FAO Home>Fisheries & Aquaculture
FAO of the UN
Orectolobus japonicus:   (click for more)

See tree map  display tree map
Other Combinations:   or
FAO Names
En - Japanese wobbegong, Fr - Requin-tapis moustache, Sp - Tapicero japonés.
3Alpha Code: ORJ     Taxonomic Code: 1070200201
Scientific Name with Original Description
Orectolobus japonicus  Regan, 1906b, Ann. Mag. Nat. Hist. (7), 18(108): 435. Syntypes: British Museum (Natural History), BMNH 1862.11.1.18 and BMNH 1862.11.1.90 according to Eschmeyer (1998, Cat. Fish.: CD-ROM), two females, 1 000 and 780 mm TL, Japan.
Diagnostic Features
fieldmarks: Flattened benthic sharks with dermal lobes on sides of head, symphysial groove on chin, very conspicuous variegated colour pattern of broad dark dorsal saddles with light spots and corrugated edges, interspaced with light areas with dark broad reticular lines; also, mouth in front of eyes, long, basally branched nasal barbels, nasoral grooves and circumnarial grooves, two rows of enlarged fang-like teeth in upper jaw and three in lower jaw; first dorsal-fin origin over pelvic-fin bases.

Nasal barbels with a few branches. Five dermal lobes below and in front of eye on each side of head; dermal lobes behind spiracles branched and broad. No dermal tubercles or ridges on back. Interspace between dorsal fins longer than inner margin of first dorsal fin, about half first dorsal-fin base. Origin of first dorsal fin behind midbases of pelvic fins. First dorsal-fin height about equal to base length.  Colour pattern highly variegated and conspicuous, dorsal surface of body with conspicuous broad, dark rectangular saddles with deeply corrugated margins, dotted with light spots and not ocellate in appearance; interspaces between saddles light, with numerous broad reticulated lines. 
Geographical Distribution

Launch the Aquatic Species Distribution map viewer

Western North Pacific: off Japan, Korea, China, Taiwan (Province of China), Viet Nam, and Philippines.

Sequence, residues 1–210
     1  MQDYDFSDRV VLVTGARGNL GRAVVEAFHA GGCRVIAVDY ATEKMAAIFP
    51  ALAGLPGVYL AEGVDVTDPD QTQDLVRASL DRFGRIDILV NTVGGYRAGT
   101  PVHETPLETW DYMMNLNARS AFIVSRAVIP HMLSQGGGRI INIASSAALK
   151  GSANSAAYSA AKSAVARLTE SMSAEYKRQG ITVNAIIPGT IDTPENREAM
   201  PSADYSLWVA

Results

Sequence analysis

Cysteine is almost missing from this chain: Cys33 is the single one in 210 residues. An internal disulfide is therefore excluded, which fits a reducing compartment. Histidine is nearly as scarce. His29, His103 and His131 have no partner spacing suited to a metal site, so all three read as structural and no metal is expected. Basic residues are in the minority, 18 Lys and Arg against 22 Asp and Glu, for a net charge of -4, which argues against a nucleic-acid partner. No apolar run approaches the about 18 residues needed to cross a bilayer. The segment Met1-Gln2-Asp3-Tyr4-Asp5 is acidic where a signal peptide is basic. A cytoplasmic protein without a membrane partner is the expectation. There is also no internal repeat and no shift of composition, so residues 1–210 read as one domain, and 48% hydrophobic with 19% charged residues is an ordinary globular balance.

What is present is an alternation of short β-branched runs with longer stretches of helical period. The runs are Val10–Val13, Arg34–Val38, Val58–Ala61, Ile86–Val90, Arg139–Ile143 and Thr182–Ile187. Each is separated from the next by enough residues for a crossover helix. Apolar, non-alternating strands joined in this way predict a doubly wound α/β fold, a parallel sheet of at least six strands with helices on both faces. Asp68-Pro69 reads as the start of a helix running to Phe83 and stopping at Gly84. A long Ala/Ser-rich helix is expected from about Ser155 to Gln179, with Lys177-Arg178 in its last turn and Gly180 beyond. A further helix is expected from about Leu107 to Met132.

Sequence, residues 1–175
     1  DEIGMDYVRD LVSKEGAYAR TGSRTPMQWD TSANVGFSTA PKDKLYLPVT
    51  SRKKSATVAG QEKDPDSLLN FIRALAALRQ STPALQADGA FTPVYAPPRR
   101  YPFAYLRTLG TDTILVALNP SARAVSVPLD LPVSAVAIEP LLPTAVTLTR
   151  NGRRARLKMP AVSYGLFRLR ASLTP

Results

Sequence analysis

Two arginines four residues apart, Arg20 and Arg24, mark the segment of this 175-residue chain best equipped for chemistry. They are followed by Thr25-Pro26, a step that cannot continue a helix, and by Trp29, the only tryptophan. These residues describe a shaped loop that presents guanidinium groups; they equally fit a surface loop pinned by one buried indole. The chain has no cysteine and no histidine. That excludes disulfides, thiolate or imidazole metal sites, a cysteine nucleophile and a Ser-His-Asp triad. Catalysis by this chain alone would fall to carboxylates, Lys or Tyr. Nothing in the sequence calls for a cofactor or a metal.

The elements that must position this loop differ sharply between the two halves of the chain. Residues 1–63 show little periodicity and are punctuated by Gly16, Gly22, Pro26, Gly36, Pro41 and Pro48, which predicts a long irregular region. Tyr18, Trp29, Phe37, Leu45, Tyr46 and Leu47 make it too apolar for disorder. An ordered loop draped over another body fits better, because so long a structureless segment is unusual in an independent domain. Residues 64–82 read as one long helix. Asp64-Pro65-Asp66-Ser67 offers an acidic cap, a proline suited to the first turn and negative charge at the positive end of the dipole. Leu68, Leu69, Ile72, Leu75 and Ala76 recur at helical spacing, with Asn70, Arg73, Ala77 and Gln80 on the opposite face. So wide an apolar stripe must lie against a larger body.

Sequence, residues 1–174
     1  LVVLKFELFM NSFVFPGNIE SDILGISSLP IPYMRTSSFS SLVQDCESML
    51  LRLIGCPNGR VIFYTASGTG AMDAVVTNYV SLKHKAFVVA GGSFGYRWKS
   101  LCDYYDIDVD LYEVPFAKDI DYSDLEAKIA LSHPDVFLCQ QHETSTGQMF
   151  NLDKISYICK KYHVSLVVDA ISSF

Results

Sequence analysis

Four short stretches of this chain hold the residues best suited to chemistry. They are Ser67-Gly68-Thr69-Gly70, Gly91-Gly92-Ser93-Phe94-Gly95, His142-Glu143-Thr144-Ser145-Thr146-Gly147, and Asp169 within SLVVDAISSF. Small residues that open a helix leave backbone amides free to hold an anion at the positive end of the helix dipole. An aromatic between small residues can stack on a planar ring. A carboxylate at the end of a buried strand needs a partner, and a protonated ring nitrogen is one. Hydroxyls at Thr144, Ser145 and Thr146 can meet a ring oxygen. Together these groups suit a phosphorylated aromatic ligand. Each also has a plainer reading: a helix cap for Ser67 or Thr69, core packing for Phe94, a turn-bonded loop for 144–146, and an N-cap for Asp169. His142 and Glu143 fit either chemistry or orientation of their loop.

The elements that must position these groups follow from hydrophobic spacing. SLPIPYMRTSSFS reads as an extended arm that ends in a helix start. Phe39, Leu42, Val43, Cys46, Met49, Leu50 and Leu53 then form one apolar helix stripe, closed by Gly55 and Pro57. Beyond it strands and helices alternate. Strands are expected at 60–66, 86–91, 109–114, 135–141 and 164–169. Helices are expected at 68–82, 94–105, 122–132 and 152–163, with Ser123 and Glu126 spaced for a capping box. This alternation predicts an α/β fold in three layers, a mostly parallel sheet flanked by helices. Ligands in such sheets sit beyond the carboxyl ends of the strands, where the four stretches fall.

Habitat and Biology
A little-known temperate to tropical inshore bottom shark, found on rocky and coral reefs.

A nocturnal shark, rarely observed by divers.
Ovoviviparous, with litters of up to 20 to 23 young. In captivity in an aquarium in Okinawa, Japan, gives birth in spring (March through May), and has been observed in courtship. The male grabs the female in the gill area while mating with her. The gestation period is about a year.  Eats primarily benthic fish, including lizardfishes (Synodontidae), cutlassfish (Trichiuridae), horse mackerel and other jacks (Carangidae), goatfishes (Mullidae), groupers (Serranidae), tilefishes (Malacanthidae), sea robins (Triglidae), whiting (Sillaginidae), parrotfishes (Scaridae), sea bream (Sparidae), croakers (Sciaenidae), also skates (Rajidae), shark egg-cases, cephalopods, and shrimp.
Maximum uncertain, reaches at least 107 cm. Size at birth 21 to 23 cm; a male was mature at 103 cm; adult females that gave birth in captivity were 101 to 107 cm.
Interest to Fisheries
Interest to fisheries probably limited, caught in set nets in Japan and used for human consumption; also taken in China, Taiwan (Province of China), Korea and Viet Nam.

Conservation Status : Conservation status uncertain.Probably viewed by ecotouristic divers in Japan, and kept in aquaria in Japan and the United States.
Local Names
Japan : Japanese carpet shark ,  Carpet shark ,  Bearded shark ,  Japanese bearded shark ,  Fringe shark ,  Kirinotobuka ,  Oose ,  Ôse .
Source of Information
Sharks of the world An annotated and illustrated catalogue of shark species known to date. Volume 2 Bullhead, mackerel and carpet sharks (Heterodontiformes, Lamniformes and Orectolobiformes). Leonard J.V. Compagno 2001.  FAO Species Catalogue for Fishery Purposes. No. 1, Vol. 2. Rome, FAO. 2001. p.269.
Chen, 1963
Compagno, 1984
Fourmanoir & Nhu-Nhung, 1965
Fowler, 1941
Garman, 1913
Herre, 1953
Lindberg & Legeza, 1959
Masuda, Araga & Yoshino, 1975
Matsubara, 1955
Michael ,  1993. 
Nakaya & Shirai, 1984
Ogilby & McCulloch, 1908
Regan, 1908a
Uchida, 1982
Uchida, Toda & Kamei, 1990
Powered by FIGIS